comment on r 153990

// comment on r 153990
// /lib/CodeGen/MicrosoftCXXABI.cpp
// Hopefully the following can help clear up unknowns.

// The following is true for 32-bit. While expectation is that 64-bit
// would use 8 bytes for count, I have not verified it.
//
// MSVC doesn't use "cookies" (an array count at p-4) when the type T
// is trivial (f.ex. POD) - the overhead isn't needed.
//
// If T has has a destructor, the actual size of memory allocated is
// n_bytes+4, as follows:
// int : no_of_array_elements.
// n_bytes : the memory returned to the caller
//
// When time comes to delete[], if T is trivial it simply deallocates
// using operator[] (f.ex. T::operator[](void*,size_t) if declared).
// This is comparable to plain malloc/free of e.g. an array of char's.
//
// If non-trivial (i.e. a user-supplied or compiler generated d'tor
// exists) it instead does the following to destruct and delete:
// p->T::vector_deleting_destructor(1|2); // 1 = dealloc, 2 = vector
//
// T::vector_deleting_destructor is a compiler-generated member
// function of the form:
// void /* __thiscall */ T::vector_deleting_destructor(int flags) {
// if (flags & 2) {
// vector_destructor_iterator(this, sizeof T,
// ((int*)this)[-1], &T::~T);
// if (flags & 1)
// delete[] ((T**)this)[-1]; // note [1]
// return ((void**)this)[-1];
// } else {
// p->~T();
// if (flags & 1)
// delete this; // NOTE: Not array version.
// return (void*)this;
// }
// }
//
// [1] If no T::operator delete[] function exists, this becomes a call
// to operator delete(void*).
// If (as in the following example) it exists, it's called as:
// T::operator delete[](p, sizeof T);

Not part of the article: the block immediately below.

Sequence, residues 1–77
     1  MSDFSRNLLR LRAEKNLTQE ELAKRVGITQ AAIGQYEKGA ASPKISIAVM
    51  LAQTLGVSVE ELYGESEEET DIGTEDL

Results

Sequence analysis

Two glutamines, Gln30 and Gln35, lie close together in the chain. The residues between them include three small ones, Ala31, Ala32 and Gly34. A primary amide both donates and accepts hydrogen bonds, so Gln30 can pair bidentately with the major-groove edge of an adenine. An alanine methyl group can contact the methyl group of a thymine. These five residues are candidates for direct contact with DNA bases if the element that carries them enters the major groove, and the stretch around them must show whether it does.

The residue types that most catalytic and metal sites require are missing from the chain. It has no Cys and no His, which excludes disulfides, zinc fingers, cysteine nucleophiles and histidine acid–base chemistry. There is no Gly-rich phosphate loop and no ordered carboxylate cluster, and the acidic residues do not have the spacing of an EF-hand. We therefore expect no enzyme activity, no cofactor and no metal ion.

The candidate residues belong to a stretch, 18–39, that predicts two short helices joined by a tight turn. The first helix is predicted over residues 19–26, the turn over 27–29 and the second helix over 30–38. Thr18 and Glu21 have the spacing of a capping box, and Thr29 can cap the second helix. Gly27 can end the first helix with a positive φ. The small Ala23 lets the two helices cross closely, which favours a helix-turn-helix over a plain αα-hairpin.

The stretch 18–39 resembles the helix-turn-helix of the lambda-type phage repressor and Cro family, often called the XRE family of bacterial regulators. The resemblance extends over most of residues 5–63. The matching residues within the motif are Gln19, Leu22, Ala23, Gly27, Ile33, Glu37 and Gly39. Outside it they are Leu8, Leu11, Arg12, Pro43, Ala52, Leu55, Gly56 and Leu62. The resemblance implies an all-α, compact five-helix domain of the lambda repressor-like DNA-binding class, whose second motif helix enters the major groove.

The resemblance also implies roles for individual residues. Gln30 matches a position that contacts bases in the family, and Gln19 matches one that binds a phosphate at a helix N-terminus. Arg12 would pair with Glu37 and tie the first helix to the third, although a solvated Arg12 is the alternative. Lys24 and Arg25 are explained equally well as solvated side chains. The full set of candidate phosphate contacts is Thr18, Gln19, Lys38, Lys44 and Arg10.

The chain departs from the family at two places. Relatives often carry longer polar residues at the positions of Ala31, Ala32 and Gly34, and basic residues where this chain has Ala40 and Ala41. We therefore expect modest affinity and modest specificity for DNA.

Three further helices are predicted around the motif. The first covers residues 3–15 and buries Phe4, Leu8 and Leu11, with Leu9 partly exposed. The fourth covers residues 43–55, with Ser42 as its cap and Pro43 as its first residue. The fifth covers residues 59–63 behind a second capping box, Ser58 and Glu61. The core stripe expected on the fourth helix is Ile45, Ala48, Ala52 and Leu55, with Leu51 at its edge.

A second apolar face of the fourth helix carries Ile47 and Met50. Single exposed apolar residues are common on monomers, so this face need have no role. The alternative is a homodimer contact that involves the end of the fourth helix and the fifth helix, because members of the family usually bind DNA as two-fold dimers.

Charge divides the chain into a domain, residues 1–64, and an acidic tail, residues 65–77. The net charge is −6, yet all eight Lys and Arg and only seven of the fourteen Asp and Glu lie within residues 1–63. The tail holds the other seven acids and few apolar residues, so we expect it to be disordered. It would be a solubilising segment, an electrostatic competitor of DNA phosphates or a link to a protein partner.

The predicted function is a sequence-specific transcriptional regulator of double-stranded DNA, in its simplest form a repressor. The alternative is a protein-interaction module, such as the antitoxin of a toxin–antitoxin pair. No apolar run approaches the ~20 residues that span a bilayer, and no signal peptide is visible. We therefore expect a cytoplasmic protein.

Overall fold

//
// Worth noting is:
// - The vector_deleting_destructor returns a pointer to the _actual_
// memory. It is not known under what circumstances it could be
// called without bit 0 set for its flags argument.
// - The signature of the vector_destructor_iterator, where
// elemcount is the most curious (it's signed!).
// void __stdcall vector_destructor_iterator(
// void* p,
// size_t elemsize,
// int elemcount,
// void (__thiscall*)(void*));

// The result using a Microsoft 32-bit compiler able to compile the
// following is expected to be:
// A: 100, 1
// B: 104, 1
// SEGV: obvious. :slight_smile:

#include <stdio.h>
#include <stdlib.h>

struct A {
   char x;
   void *operator new[](size_t blocksize) {
     printf("new: %u\n", blocksize);
     return malloc(blocksize);
   }
   void operator delete(void *p) { }
   void operator delete[](void *p, size_t elementsize) {
     printf("del: %u\n", elementsize);
     free(p);
   }
};
struct B : public A { ~B() { /*printf("B d'tor\n");*/ } };
void test_A() { A *p = new A[100]; delete[] p; }
void test_B() { B *p = new B[100]; delete[] p; }
void test_SEGV() { A *p = new B[100]; delete[] p; }
int main() {
   test_A();
   test_B();
   printf("The app will now crash in free() due to being given a ptr\n"
          "4 bytes into the actually allocated block of memory...\n");
   test_SEGV();
   return 0;
}

I don't think it's worth checking this in without a corresponding
implementation, but thank you for the investigation.

John.